NHL, NHLPA Aim For Big Money World Cup Silver Optimistic About New Bucks' Arena Hurricanes Seeing Smaller Crowds So Far PNC Arena Expansion Plans Revised Plans Advance For DC Soccer Stadium Columbus Approves $250,000 For All-Star Game DePaul Arena Will Cost More Than Once Thought Reds Upgrading GABP Ahead Of All-Star Game Flames Close To Arena Announcement? Wayne Gretzky Returns To IMG
A MODEST PROPOSAL FOR THE TWINS AND BEYOND
Published March 1, 1996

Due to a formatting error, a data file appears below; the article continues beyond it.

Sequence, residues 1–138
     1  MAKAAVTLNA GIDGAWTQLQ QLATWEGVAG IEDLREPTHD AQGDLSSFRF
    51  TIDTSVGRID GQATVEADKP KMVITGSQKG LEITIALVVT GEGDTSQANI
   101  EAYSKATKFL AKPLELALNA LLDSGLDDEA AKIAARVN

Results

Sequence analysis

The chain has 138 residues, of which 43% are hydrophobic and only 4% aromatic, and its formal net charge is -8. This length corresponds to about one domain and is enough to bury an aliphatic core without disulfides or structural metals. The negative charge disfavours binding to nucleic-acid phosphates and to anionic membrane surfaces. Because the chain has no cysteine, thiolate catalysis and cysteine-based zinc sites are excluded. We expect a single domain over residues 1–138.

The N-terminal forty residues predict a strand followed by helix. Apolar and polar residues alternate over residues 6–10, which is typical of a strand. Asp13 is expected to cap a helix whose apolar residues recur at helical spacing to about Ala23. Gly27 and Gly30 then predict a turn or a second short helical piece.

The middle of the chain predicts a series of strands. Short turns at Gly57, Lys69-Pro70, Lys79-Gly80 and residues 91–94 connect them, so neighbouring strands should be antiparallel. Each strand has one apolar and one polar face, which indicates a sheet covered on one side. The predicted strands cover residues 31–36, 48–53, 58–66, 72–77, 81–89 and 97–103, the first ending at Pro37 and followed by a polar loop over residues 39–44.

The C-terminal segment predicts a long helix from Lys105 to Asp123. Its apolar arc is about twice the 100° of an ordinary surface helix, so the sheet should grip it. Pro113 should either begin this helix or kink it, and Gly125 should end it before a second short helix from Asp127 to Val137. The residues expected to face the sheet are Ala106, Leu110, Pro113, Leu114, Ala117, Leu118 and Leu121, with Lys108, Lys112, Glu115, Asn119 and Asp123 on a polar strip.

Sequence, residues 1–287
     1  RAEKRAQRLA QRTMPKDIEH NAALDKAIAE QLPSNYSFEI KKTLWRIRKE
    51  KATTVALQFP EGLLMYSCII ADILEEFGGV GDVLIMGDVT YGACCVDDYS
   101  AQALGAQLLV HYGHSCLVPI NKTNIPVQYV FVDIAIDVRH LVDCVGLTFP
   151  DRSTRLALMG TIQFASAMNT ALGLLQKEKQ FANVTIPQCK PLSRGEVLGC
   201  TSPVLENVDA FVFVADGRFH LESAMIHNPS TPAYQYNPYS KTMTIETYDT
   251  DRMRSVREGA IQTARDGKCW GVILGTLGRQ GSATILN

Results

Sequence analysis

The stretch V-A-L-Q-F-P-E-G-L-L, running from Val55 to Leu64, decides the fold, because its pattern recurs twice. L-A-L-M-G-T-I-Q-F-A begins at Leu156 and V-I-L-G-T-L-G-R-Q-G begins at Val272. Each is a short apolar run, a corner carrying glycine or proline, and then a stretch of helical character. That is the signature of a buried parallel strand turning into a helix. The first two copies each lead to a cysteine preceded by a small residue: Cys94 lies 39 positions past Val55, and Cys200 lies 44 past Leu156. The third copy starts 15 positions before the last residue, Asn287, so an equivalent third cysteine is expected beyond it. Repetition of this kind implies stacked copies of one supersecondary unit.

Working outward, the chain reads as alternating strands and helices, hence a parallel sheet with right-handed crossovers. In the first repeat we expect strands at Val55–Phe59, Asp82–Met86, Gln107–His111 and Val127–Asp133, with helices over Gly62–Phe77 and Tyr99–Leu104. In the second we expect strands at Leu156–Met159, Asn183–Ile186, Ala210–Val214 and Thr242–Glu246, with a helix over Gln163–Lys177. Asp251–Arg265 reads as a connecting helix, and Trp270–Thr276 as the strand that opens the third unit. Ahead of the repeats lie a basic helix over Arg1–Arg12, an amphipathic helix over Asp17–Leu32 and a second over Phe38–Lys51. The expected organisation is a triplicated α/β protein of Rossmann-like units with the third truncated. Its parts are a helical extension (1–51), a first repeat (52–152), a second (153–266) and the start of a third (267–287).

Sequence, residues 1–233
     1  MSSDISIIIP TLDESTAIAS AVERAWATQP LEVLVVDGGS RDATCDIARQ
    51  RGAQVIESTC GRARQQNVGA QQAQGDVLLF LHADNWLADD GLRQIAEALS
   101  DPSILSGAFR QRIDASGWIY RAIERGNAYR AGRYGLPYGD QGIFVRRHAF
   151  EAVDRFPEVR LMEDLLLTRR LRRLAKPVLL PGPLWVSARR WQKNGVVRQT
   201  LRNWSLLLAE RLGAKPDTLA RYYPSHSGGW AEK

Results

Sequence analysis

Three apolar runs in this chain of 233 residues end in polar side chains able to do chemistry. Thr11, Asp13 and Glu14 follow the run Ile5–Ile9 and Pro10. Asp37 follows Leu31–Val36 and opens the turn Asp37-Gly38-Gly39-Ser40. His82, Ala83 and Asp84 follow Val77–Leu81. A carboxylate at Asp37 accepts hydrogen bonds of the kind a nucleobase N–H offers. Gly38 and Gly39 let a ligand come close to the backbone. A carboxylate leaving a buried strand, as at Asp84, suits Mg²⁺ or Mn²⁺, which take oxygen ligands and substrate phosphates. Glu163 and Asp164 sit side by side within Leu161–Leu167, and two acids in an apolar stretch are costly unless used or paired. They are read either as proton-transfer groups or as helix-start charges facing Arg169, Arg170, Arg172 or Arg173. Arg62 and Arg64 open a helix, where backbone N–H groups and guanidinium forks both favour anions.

Calling the push to hold a referendum on a new Twins $250M retractable-domed stadium "going, going, and nearly gone," Jay Weiner of the Minneapolis STAR TRIBUNE offers his own "hypothetical proposal" to resolve the financial hurdles facing the club and public officials. Weiner's "Omnibus Sports and Cultural Bill" attempts to "stymie anti-pro sports sentiment" and "ensure the retention of the Twins and Vikings in a volatile national pro sports environment" by tying a stadium deal to funding for the arts, school sports, ice rinks and seed money to attract a new NHL team to the Twin Cities. It also involves a public offering for Twins stock and a one-third public stake in the new facility. DETAILS: Under the plan, the public, team and private sector would each contribute a minimum of $85M to be obtained through a series of funding sources including an 18-month, half- cent sales tax increase, liquidation of Metrodome reserves, sale of Met Center land, matching grants from the State Arts Board, and the sale of luxury suites, club seating and naming rights. Once the deal is struck, Weiner feels there would be "newfound economies" to use to attract an NHL team back and fund public youth programs. PUBLIC REBATES: Weiner also proposes any appreciation of the Twins' value from moving into a new stadium be split between the club and the public, with the public share "spun off" into a stock offering. Fans would also be rewarded for high attendance, with $1 on every ticket above 2.75 million going to the general fund (Minneapolis STAR TRIBUNE, 2/29).